Instead of cheering his boss on in Cleveland, Vice President Mike Pence kicked off a debate watch party for supporters in an old alfalfa field in Pennsylvania.

More than 250 people gathered at Meadow Spring Farm, a dairy farm in Lancaster County – although Pence, himself, didn’t stick around after speaking to the crowd. Instead, he returned to Washington, D.C., where he planned to watch the debate.

Attendees are dining on barbecue washed down with “Farm Show Milkshakes,” the dairy concoction usually sold at the state’s farm show but coming to Trump/Pence supporters via a food truck.

Adding to the carnival atmosphere is a makeshift photo booth set up in the barn, featuring hay bales, a tractor and a Trump/Pence sign.

Only a handful of supporters are using face masks. Trump campaign apparel is popular. Some are wearing traditional Amish or Mennonite apparel.

Trump won 57% of the vote in Lancaster County in 2016. And on the drive to the farm from the Lancaster airport, Pence was greeted by about 30 supporters waving Trump 2020 signs and chanting “Four more years.”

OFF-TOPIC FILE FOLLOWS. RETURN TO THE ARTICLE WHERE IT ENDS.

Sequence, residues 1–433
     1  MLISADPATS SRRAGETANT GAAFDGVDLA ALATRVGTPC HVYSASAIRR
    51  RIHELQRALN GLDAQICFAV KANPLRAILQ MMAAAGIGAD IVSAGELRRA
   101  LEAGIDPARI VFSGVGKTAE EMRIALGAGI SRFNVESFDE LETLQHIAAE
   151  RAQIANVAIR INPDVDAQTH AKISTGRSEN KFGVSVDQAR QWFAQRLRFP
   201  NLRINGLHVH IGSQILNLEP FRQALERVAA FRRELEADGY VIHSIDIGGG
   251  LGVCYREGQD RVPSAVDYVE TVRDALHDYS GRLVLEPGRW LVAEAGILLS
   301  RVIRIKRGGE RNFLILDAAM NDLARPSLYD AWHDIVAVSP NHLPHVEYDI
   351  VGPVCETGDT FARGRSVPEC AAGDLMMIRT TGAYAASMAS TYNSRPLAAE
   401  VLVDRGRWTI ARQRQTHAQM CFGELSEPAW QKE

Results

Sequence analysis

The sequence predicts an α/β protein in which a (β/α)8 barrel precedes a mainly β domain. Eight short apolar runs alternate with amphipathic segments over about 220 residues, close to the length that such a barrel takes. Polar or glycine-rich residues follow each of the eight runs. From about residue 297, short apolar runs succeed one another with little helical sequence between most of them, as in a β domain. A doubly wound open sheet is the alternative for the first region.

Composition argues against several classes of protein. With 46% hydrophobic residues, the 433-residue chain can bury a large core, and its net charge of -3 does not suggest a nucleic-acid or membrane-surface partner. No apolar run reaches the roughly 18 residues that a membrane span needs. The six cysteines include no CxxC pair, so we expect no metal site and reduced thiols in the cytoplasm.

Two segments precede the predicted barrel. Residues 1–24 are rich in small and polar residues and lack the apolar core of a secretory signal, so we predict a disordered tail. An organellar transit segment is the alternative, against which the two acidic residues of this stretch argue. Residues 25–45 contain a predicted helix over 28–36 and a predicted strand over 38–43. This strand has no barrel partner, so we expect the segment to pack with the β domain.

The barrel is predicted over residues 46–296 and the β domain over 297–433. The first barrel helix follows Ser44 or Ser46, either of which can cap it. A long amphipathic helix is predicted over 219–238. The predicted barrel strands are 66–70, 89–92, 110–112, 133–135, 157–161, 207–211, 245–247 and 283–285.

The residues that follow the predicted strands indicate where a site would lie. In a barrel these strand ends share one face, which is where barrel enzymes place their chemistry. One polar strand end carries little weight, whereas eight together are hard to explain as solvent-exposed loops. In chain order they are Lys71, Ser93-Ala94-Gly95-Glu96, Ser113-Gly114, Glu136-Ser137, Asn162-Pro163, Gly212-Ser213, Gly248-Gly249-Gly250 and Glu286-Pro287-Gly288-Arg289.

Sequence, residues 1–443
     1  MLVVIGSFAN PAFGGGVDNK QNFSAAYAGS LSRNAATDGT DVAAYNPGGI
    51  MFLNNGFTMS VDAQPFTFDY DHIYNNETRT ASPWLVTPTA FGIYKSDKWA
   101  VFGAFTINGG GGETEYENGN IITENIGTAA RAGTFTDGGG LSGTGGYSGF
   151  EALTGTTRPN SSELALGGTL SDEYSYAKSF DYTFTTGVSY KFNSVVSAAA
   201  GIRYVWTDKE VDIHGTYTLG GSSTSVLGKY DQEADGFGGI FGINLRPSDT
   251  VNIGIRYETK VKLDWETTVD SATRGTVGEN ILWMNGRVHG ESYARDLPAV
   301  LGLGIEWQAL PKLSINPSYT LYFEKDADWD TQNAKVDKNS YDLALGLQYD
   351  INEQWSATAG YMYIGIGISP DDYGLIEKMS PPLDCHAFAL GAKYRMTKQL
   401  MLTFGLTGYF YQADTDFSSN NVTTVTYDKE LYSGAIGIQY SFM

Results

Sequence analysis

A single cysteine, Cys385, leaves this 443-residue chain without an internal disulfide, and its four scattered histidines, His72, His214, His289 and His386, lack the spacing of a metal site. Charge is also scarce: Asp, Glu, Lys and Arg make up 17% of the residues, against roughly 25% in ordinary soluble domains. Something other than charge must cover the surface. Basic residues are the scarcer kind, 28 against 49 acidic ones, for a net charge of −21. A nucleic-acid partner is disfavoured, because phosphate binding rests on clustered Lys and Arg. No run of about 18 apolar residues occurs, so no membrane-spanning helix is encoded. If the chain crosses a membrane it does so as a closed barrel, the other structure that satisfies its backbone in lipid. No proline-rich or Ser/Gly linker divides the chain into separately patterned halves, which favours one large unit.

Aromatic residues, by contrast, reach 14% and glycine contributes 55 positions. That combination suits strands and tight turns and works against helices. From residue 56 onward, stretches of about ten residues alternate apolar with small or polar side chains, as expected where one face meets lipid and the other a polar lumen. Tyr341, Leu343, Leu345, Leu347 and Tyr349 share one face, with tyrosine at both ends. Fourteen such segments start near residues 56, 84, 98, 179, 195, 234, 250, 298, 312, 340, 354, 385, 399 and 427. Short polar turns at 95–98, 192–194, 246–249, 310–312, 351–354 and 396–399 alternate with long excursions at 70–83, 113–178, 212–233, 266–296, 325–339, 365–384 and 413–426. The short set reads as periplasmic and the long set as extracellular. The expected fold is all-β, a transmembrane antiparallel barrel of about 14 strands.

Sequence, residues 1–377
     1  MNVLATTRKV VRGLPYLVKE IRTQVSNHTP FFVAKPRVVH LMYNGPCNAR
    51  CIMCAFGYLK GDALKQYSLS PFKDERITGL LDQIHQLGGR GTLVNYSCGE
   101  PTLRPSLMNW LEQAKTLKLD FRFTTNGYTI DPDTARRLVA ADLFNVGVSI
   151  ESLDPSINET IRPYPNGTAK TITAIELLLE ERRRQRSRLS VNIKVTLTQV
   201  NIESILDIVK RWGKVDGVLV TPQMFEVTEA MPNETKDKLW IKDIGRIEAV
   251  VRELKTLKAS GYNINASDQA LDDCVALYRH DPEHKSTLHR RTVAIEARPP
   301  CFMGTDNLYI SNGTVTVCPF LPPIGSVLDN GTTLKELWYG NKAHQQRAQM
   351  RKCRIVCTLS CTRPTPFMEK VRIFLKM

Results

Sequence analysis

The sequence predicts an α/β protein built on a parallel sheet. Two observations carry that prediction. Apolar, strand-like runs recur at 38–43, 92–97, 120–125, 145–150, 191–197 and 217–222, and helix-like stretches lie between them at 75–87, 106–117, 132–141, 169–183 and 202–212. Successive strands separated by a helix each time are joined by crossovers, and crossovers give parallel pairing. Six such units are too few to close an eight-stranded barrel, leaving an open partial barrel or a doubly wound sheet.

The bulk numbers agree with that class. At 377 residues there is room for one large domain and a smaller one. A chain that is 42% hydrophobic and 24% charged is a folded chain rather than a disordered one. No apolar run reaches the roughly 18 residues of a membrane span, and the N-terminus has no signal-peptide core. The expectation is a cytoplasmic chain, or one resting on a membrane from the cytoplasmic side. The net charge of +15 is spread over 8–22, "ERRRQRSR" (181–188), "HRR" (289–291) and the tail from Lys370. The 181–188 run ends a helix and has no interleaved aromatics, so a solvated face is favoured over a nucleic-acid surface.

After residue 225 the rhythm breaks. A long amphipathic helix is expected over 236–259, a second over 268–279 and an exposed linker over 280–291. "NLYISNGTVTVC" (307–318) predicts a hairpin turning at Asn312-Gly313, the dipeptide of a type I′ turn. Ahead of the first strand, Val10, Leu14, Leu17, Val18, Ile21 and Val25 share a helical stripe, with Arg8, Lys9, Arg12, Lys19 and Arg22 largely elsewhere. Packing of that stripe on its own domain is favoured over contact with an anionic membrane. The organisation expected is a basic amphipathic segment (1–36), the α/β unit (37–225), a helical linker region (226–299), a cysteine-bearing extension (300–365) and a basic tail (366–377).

“Everyone here understands that pathway to victory runs right through where we are standing tonight,” Rep. Lloyd Smucker, R-Pa., said in remarks to the crowd that got them roaring when he mentioned

President Donald Trump’s Supreme Court nominee Amy Coney Barrett.

Maureen Groppe

No openers, no ‘spin room,’ no shakes

If the debate between President Donald Trump and former Vice President Joe Biden looks different from debates of the past, that will be by design – and due to the pandemic.

Trump and Biden agreed to skip the traditional handshake to open their first face-to-face match-up, for instance. The audience, meanwhile, will be less of a factor than it has been in the past: About 70 people will watch in person, compared with hundreds who attended in the past.

Also absent: The “spin room,” where campaign surrogates give interviews to crowds of journalists as they make their case on why their candidate won the debate. Those interactions can shape the post-debate coverage, which is how millions of Americans learn about the key exchanges.

Trump, Biden and moderator Chris Wallace will not be required to wear masks once they take the stage, said Peter Eyre, a senior adviser to the Commission on Presidential Debates. But nothing prevents Biden from wearing one as he walks onto the stage, which would almost certainly draw the first contrast between himself and Trump.

Courtney Subramanian and John Fritze

Just the facts

USA TODAY is going to have a team of experts who will be offering up facts during the debates. Will COVID-19 be a major topic tonight? Yeah, that’s likely. Thankfully we’ve covered the topic extensively and can offer in-the-moment context and facts.

The Supreme Court, health care, taxes and border security could all become topics of debate tonight. No worries, we’ve got you covered.